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In order to properly complete male reproductive development:
A. primordial germ cells must begin Meiosis I in utero. B. Sertoli cells must produce testosterone. C. Dihydrotestosterone must masculinize Wolffian duct derivatives D. the paramesonephric ducts must degenerate E. the metanephros must form the genital epithelium
My attempt: I think the answer is C because testosterone turns into DHT which then masculinzing the wolffian duct. Other people I am studying with claim the answer is D (which is true) except that I dont think the loss of the paramesonephric duct is needed to complete male repro development.
Regarding option C:
Although it is correct that testosterone is converted into DHT, it is the former, not the latter, which is responsible for differentiation of the mesonephric (a.k.a. Wolffian) ducts:
Between 8 and 12 weeks, the initial secretion of testosterone stimulates mesonephric ducts to transform into a system of organs-the epididymis, vas deferens, and seminal vesicle-that connect the testes with the urethra.*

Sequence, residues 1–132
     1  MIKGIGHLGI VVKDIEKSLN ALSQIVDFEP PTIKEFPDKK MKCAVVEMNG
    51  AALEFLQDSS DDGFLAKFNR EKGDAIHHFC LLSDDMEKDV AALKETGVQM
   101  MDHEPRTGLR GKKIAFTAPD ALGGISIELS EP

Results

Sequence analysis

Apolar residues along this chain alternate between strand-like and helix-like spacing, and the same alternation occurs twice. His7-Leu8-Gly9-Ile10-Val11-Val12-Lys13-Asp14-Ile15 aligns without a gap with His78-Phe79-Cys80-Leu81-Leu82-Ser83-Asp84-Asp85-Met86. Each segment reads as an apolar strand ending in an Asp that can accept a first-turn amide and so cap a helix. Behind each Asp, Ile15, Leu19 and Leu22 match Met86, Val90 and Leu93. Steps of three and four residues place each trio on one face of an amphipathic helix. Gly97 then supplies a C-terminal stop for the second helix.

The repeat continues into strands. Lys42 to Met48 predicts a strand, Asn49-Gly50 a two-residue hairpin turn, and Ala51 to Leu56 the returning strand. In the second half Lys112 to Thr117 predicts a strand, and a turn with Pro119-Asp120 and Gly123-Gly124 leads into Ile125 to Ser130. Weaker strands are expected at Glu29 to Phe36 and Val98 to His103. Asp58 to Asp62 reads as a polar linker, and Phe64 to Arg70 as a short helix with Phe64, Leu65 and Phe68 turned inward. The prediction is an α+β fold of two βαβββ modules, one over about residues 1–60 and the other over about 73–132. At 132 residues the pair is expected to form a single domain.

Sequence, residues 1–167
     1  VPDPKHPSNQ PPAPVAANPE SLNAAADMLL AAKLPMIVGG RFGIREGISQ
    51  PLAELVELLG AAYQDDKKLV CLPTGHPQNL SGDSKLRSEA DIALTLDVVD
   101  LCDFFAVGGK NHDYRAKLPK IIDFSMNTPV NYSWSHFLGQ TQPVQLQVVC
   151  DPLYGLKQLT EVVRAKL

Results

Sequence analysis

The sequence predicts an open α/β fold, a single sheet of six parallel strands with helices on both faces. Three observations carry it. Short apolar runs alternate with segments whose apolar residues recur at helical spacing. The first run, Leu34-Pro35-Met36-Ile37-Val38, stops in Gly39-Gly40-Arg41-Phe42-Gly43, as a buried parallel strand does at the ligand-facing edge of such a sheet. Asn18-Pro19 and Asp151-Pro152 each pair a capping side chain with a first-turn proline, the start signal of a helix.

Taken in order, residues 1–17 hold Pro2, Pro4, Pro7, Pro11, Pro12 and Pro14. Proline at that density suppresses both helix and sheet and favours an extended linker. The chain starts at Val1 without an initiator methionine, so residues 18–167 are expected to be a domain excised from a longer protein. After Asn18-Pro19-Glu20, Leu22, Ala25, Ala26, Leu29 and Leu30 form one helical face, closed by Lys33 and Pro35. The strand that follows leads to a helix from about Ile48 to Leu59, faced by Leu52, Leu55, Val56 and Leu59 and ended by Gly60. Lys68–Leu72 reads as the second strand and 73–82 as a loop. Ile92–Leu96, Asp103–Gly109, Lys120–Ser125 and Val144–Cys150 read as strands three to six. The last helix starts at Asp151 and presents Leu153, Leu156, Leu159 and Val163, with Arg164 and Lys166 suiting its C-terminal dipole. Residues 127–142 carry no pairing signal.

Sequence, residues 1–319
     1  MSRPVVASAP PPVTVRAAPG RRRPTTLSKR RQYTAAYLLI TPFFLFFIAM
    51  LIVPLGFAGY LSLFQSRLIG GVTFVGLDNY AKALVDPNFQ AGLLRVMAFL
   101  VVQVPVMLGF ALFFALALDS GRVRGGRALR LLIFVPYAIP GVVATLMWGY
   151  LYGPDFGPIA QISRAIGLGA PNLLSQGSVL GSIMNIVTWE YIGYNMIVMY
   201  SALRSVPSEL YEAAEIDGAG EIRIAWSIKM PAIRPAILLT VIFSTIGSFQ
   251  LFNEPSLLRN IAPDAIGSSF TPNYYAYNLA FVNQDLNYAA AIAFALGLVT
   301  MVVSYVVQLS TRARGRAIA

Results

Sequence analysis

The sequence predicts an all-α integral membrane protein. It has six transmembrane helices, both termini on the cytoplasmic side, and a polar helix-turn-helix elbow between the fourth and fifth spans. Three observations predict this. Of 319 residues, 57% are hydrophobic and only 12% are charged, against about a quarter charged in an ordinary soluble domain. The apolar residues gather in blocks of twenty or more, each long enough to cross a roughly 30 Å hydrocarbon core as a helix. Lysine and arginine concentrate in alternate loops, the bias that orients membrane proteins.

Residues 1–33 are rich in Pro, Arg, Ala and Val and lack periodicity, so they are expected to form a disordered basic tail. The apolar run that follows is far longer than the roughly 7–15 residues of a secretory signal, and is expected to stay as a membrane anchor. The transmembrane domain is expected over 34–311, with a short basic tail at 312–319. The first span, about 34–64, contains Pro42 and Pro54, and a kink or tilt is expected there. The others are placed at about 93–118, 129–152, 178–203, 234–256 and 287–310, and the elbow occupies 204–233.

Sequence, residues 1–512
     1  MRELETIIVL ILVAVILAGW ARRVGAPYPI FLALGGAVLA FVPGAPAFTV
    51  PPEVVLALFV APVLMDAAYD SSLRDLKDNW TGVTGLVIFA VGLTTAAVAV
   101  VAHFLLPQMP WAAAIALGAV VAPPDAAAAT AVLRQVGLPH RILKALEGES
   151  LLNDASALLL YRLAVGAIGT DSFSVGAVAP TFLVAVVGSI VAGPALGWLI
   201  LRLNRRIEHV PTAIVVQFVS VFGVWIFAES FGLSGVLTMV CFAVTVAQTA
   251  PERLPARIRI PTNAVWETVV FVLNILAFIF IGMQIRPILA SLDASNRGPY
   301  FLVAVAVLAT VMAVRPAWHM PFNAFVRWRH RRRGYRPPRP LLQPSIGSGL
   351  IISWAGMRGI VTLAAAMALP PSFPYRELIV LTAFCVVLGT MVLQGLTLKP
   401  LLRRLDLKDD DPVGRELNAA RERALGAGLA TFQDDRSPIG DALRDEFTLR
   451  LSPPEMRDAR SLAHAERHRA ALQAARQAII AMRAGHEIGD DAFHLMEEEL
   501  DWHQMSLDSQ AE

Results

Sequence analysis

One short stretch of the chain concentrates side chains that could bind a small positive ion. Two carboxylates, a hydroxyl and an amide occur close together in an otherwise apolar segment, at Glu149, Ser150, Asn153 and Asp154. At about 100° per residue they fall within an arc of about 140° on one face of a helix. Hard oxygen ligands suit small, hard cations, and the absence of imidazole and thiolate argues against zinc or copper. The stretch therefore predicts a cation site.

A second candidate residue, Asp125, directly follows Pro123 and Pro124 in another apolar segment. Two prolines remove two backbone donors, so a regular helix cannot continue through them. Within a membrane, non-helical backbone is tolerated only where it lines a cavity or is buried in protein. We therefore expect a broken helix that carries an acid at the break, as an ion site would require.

DHT (dihydrotestosterone) is produced in the Leydig cells by the 5α-Reductase enzyme. It is required for induction of the external male genitalia (urethra, penis, and scrotum) and prostate from the embryonic ureteral groove, and for testicular descent into scrotum.
Regarding option D:
Sertoli cells secrete Anti Müllerian Hormone (AMH), which causes degeneration of the müllerian (a.k.a. paramesonephric) ducts between weeks 8 and 10. It is normal to speak about degeneration of the müllerian ducts as a defining aspect of male embryology, and thus I believe answer D is correct. Your point is taken, however:
Nevertheless, small müllerian duct remnants can be detected in the adult male, including a small cap of tissue associated with the testis, called the appendix testis, and an expansion of the prostatic urethra, called the prostatic utricle.*
*Larsen's Human Embryology , Fourth Edition. Chapter 15: Development of the Urogenital System. pp 479-541. Copyright © 2009 by Churchill Livingstone, an imprint of Elsevier Inc.